You are here
Telcos' dilemma: How to scale up to 5G without breaking the bank
SHARED infrastructure, coupled with a more gradual service roll-out, could alleviate a sharp, immediate capex pinch as Singapore's mobile network operators (MNOs) look to invest in fifth-generation (5G) mobile network technology.
But with other expenses already high - and business portfolios increasingly convoluted - balancing the balance-sheet is a delicate job.
Singapore's Infocomm Media Development Authority (IMDA) opened a second industry consultation on Tuesday for feedback on plans to start making 5G available next year.
The IMDA is weighing the benefits of expanding the infrastructure components that can be shared, against potential drawbacks such as lower service differentiation and less technological innovation, it has said.
Alex Siow, professor at the National University of Singapore's School of Computing, predicted in March: "If the service providers cannot come to an agreement on sharing, the regulator will have to intervene."
Sachin Mittal, research analyst at DBS, noted on Wednesday that 5G capex could be two to three times as much as 4G, so "telcos must share the 5G network to justify" the costs.
Expenses are a pressing concern for Singapore telcos, which are waging wars on many fronts as consumer revenue takes a big hit.
StarHub saw a 14.2 per cent drop in its first-quarter earnings - dragged down by a loss-making cyber security segment, where it has run up steep opex to expand. Singtel's debts, pushed up by investments in Bharti Airtel, have led credit agencies to warn it is flirting with a ratings downgrade.
Janice Chong, director of corporates at Fitch Ratings, told The Business Times over the phone that Singtel, which her firm covers, has "little ratings headroom to take on new acquisitions and investments".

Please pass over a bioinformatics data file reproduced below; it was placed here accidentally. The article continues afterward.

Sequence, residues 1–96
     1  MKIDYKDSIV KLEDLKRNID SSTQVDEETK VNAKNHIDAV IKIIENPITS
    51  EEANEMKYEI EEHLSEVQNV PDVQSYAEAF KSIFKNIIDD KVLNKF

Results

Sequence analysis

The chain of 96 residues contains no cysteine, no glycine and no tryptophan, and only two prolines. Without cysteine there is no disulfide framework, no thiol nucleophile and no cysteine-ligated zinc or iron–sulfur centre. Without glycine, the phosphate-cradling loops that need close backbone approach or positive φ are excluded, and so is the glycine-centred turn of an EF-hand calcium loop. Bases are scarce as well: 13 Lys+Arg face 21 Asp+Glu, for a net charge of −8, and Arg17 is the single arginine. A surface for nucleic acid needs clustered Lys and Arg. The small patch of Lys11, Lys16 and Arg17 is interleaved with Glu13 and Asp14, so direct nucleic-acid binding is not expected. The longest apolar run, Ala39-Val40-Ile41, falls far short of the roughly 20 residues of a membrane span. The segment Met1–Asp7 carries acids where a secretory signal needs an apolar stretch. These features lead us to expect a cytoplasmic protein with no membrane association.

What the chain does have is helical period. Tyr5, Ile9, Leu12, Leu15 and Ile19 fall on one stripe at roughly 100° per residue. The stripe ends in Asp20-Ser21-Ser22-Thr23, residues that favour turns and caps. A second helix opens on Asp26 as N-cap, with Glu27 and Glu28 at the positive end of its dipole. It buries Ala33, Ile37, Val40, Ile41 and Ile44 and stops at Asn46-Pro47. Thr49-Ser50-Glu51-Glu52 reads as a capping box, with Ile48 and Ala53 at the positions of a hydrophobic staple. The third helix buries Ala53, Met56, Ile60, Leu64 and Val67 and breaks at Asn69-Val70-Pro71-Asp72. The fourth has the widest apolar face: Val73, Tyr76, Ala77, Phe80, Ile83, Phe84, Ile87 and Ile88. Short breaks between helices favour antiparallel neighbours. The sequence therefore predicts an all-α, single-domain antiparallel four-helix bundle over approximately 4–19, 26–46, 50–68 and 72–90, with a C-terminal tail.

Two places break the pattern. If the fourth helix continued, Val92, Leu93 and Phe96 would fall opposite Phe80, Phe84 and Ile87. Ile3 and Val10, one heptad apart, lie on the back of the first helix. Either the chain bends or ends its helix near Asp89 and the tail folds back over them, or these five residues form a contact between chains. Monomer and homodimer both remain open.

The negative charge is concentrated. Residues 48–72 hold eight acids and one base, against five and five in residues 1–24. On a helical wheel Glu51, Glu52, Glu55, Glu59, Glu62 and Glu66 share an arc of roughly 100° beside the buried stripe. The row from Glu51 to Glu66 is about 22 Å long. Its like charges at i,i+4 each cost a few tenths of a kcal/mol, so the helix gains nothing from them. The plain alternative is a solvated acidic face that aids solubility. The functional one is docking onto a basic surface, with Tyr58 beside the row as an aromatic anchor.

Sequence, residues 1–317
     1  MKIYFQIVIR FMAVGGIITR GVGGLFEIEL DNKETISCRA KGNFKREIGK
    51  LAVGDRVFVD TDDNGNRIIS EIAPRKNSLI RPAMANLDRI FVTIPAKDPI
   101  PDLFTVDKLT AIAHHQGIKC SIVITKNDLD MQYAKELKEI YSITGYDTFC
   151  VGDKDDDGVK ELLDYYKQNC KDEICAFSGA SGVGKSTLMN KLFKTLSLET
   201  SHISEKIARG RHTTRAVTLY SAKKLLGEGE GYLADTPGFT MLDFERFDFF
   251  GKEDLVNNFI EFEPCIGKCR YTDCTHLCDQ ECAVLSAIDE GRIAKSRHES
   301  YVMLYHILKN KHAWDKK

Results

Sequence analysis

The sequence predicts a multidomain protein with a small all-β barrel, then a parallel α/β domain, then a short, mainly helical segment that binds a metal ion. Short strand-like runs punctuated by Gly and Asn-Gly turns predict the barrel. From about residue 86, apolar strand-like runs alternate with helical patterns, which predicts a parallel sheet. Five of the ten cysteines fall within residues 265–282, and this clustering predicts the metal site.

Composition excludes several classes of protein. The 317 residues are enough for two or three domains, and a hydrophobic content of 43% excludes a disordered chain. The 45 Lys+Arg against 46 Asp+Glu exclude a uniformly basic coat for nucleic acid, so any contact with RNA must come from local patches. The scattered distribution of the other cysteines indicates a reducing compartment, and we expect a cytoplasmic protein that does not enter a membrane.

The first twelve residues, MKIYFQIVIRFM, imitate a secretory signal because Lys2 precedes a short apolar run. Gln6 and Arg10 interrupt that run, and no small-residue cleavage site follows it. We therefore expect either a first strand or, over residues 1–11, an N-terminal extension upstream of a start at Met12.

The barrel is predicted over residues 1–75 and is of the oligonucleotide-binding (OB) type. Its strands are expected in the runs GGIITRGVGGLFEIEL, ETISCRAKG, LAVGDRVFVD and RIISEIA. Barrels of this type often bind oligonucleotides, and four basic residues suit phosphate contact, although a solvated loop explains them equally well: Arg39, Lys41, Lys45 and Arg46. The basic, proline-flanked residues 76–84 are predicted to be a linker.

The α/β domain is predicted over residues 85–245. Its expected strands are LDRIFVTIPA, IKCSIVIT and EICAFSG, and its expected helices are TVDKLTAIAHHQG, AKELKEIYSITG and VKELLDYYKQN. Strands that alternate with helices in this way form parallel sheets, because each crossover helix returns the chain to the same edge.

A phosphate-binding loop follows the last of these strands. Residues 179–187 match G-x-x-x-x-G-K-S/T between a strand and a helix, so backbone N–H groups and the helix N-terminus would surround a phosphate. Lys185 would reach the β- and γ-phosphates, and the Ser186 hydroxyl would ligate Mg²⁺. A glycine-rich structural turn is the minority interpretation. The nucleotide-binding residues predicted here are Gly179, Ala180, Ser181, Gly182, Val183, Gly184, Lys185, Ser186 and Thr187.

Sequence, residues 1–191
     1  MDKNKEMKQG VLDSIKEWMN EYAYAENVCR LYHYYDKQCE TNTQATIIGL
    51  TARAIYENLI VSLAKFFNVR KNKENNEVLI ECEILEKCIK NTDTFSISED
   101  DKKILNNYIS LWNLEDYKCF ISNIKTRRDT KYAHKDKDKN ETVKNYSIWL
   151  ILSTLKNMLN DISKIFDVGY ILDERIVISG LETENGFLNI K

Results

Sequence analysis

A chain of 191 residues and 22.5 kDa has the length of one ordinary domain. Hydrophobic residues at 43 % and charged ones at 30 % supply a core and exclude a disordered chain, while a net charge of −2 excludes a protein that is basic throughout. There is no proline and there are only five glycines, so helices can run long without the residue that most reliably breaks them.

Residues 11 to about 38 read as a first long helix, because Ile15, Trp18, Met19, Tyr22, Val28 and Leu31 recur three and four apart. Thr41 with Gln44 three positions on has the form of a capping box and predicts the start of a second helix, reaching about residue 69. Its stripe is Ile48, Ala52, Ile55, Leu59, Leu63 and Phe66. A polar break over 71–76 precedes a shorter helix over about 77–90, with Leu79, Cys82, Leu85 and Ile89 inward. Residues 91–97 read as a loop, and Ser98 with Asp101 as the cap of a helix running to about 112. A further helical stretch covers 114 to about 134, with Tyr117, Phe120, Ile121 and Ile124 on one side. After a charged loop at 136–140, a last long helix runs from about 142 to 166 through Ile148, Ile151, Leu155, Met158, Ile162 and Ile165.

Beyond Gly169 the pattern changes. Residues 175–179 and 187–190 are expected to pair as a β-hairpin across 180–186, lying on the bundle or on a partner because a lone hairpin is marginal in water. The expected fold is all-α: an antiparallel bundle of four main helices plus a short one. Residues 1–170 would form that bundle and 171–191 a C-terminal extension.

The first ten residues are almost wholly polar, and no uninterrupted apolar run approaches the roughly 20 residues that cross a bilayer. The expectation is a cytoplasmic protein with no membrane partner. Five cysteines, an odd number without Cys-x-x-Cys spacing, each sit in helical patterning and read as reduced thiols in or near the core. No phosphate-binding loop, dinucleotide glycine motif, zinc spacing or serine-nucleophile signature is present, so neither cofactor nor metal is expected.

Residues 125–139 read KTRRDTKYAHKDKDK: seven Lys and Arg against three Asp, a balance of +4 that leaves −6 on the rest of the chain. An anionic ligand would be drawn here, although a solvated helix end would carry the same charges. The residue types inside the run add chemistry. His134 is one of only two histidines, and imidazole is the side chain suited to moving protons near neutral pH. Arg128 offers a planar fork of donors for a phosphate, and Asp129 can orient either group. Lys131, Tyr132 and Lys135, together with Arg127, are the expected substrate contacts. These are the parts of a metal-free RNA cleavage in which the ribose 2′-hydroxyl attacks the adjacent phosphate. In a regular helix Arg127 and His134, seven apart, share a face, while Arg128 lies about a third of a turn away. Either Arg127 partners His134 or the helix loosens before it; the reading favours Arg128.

The two telcos have put up a brave front.
Singtel has said that it is "committed to maintaining our investment-grade credit ratings", while StarHub chief executive Peter Kaliaropoulos last week called StarHub's debt level - 1.5 times its earnings before interest, tax, depreciation and amortisation, as at March 31 - "fairly respectable".
Mr Mittal believes that telcos could rack up between S$1 billion and S$1.5 billion in 5G capex over 10 years. Still, he noted that it represents "similar or slightly higher annual capex as incurred for 4G and hence not a major cause (for) concern".
Meanwhile, the median clearing price for 100MHz of unrestricted spectrum in the 3.5GHz band - which is offered for the initial roll-out - is S$70 million, based on international benchmarks, the IMDA has said.
Given the infrastructure spending on the horizon, national fibre operator NetLink Trust will be a winner, Citi analysts argued in a report last week.
They cited the cost of the fibre connectivity needed to hook up 5G small cells on public infrastructure such as lamp posts and bus stops, and added that NetLink's regulated fibre pricing would give telcos peace of mind "and thus an incentive for sharing, rather than building on their own".
Prof Siow added, ahead of the consultation, that "it does not make sense if every service provider deploys their own cells on the lamp posts".
To spark "sustainable competition" for facilities and services, the IMDA plans to award 5G spectrum to two providers. They must be either be one of Singapore's four MNOs - Singtel, StarHub, M1 and TPG Telecom - or a consortium featuring an MNO.
Fitch's Ms Chong told BT that she expects Singtel to be a 5G provider, whether alone or in a joint venture, with the other operator is "likely to involve at least two" of the other MNOs.
She also noted that the requirement to offer wholesale services to others could be to the advantage of mobile virtual network operators, which lease 3G and 4G from MNOs.